“I have this passion for this company and you can’t take that away from me.”
Indra Nooyi is known to everyone as the woman who transformed PepsiCo’s global strategy. Her career graph, however, had scaled commendable heights even before she took over as the CEO of the second largest food and beverage company in the world. Today, on her birthday, let’s look at her achievements before and after she became the Corporate Queen of PepsiCo.
Image : Pintrest.in
Indra Krishnamurthy Nooyi was born in 1955 to a Tamil speaking family in Chennai. Even as a young girl, she was fiercely independent, with a tendency to go after what she wanted. She was part of an all-girls cricket team and the guitarist for an all-female rock band (impressed much?). It obviously wasn’t all play for her because she exhibited an academic brilliance that got her into Indian Institute of Management, Kolkata, in 1974. Form this point on, her career as a business executive began to take shape.
With an MBA degree in hand, Nooyi first worked as a product manager with the textile company Mettur Beardshell before she moved onto Johnson & Johnson. As a product manager again, Nooyi was given the responsibility of introducing Stayfree in the Indian market, but at a sensitive time when marketing of female hygiene products was banned. So Nooyi then improvised. Taking the quaint road to marketing, she walked into schools and colleges and handed out the products personally.
After having gained some work experience, Nooyi studied at the Yale School of Management in 1978. A 25-year old graduate, she worked at the Boston Consulting Group for six years before she moved to Motorola, and then Asea Brown Boveri (ABB) in 1990. It was only four years later, in 1994, that PepsiCo acquired the jewel to their crown.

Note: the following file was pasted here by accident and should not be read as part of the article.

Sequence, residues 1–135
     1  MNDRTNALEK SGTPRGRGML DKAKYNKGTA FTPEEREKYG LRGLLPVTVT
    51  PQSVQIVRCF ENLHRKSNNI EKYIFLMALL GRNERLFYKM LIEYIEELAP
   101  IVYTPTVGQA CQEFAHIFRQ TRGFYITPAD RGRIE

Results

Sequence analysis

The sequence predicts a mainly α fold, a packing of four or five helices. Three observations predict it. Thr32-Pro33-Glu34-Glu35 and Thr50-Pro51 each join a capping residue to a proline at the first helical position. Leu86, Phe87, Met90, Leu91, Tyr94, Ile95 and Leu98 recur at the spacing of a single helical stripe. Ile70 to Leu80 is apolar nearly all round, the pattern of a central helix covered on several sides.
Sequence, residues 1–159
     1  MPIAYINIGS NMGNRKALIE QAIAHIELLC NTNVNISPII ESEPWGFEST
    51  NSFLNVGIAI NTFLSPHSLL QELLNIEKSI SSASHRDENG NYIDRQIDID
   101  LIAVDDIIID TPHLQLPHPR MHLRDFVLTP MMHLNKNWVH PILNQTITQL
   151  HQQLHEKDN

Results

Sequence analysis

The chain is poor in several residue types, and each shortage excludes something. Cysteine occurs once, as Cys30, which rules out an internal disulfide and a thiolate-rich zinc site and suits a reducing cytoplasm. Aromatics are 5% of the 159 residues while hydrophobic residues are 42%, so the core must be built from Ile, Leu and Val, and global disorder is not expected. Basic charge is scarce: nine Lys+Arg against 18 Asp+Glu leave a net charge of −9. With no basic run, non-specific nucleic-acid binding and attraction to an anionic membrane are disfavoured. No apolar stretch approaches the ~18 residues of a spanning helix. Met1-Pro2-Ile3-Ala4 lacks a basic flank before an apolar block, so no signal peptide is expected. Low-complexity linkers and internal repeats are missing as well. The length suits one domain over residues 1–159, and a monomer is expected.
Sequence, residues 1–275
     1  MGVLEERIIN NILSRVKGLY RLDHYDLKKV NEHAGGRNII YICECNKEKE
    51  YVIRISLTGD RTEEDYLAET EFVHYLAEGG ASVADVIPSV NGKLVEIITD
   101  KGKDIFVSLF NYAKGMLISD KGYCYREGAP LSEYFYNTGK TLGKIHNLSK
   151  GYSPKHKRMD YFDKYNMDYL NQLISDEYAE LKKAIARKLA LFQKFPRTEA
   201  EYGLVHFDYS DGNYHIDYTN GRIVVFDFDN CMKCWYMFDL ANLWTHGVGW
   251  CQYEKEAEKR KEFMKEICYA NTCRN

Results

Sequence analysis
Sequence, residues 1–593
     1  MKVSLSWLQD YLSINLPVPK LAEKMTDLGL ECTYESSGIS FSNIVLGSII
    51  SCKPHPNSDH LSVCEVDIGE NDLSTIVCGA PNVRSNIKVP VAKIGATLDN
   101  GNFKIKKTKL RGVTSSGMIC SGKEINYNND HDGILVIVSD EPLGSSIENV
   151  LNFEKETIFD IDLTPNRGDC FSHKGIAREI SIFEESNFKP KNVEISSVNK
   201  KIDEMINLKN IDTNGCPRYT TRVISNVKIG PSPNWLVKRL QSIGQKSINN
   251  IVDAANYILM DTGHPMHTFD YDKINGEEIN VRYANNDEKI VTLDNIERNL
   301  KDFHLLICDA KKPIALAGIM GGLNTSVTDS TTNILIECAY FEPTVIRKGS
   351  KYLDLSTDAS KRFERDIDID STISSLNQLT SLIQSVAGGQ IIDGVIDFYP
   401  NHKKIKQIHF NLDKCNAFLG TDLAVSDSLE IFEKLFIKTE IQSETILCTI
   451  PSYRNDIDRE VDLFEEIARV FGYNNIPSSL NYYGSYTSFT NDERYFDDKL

What Queen Bees do
It was 1997 when Nooyi realised that PepsiCo would benefit from shifting its attention from the fast food business. The company at that time owned KFC, Taco Bell, Pizza Hut, and Long John Silver. Nooyi led the spin-off of these fast food chains into the giant Tricon Global Restaurants, now known as Yum! Brands, Inc.
Nooyi’s redirection of her company didn’t end here. She was adamant on implementing the shift towards healthy food alternatives in order to realign the company with the shift in customer requirements. With this goal in mind, she classified PepsiCo’s products into three categories: Fun for you, including regular soda and snacks, Better for you, including low-fat sodas and snacks, and Good for you, including healthy alternatives in snacks such as oatmeal.
With this new strategy and direction, Nooyi led PepsiCo in the acquisition of Tropicana in 1998, and a year later, in the $13 billion merger with Quaker Oats. With the shiny new pin of ‘healthy’, PepsiCo’s sales started to see brighter days.
Nooyi took over as the President and Chief Financial Officer (CFO) in 2001. Soon after that, PepsiCo’s annual revenue increased by 72 percent and its net profit rose from $2.5 billion to $6.5 billion. The net worth of the company had sky-rocketed and found a place in the clouds.
PepsiCo celebrated its 5th CEO in its 44-year history when Nooyi took the throne in 2006. Since then, she has been working on better designs for the product, on creating new products for women and on general improvement of user experience. She visits company outlets to check for efficiency, always looking to take PepsiCo to greater heights. “We ought to keep pushing the boundaries to get to flawless execution…Flawless is the ultimate goal.”